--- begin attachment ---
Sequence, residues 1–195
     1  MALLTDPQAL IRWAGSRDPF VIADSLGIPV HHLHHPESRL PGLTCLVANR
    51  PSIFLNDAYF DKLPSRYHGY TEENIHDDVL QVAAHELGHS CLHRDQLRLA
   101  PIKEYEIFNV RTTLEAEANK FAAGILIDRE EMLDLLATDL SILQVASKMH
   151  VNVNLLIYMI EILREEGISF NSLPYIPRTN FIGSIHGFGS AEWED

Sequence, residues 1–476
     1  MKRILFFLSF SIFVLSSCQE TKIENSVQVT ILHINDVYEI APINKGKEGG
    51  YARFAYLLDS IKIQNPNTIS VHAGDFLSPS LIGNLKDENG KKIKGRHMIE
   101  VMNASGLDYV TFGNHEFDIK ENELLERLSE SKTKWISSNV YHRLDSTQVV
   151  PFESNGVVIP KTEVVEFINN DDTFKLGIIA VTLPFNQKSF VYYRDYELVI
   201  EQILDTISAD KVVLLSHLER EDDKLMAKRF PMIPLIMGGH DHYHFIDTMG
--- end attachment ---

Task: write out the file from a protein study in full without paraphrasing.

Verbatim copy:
Sequence, residues 1–195
     1  MALLTDPQAL IRWAGSRDPF VIADSLGIPV HHLHHPESRL PGLTCLVANR
    51  PSIFLNDAYF DKLPSRYHGY TEENIHDDVL QVAAHELGHS CLHRDQLRLA
   101  PIKEYEIFNV RTTLEAEANK FAAGILIDRE EMLDLLATDL SILQVASKMH
   151  VNVNLLIYMI EILREEGISF NSLPYIPRTN FIGSIHGFGS AEWED

Sequence, residues 1–476
     1  MKRILFFLSF SIFVLSSCQE TKIENSVQVT ILHINDVYEI APINKGKEGG
    51  YARFAYLLDS IKIQNPNTIS VHAGDFLSPS LIGNLKDENG KKIKGRHMIE
   101  VMNASGLDYV TFGNHEFDIK ENELLERLSE SKTKWISSNV YHRLDSTQVV
   151  PFESNGVVIP KTEVVEFINN DDTFKLGIIA VTLPFNQKSF VYYRDYELVI
   201  EQILDTISAD KVVLLSHLER EDDKLMAKRF PMIPLIMGGH DHYHFIDTMG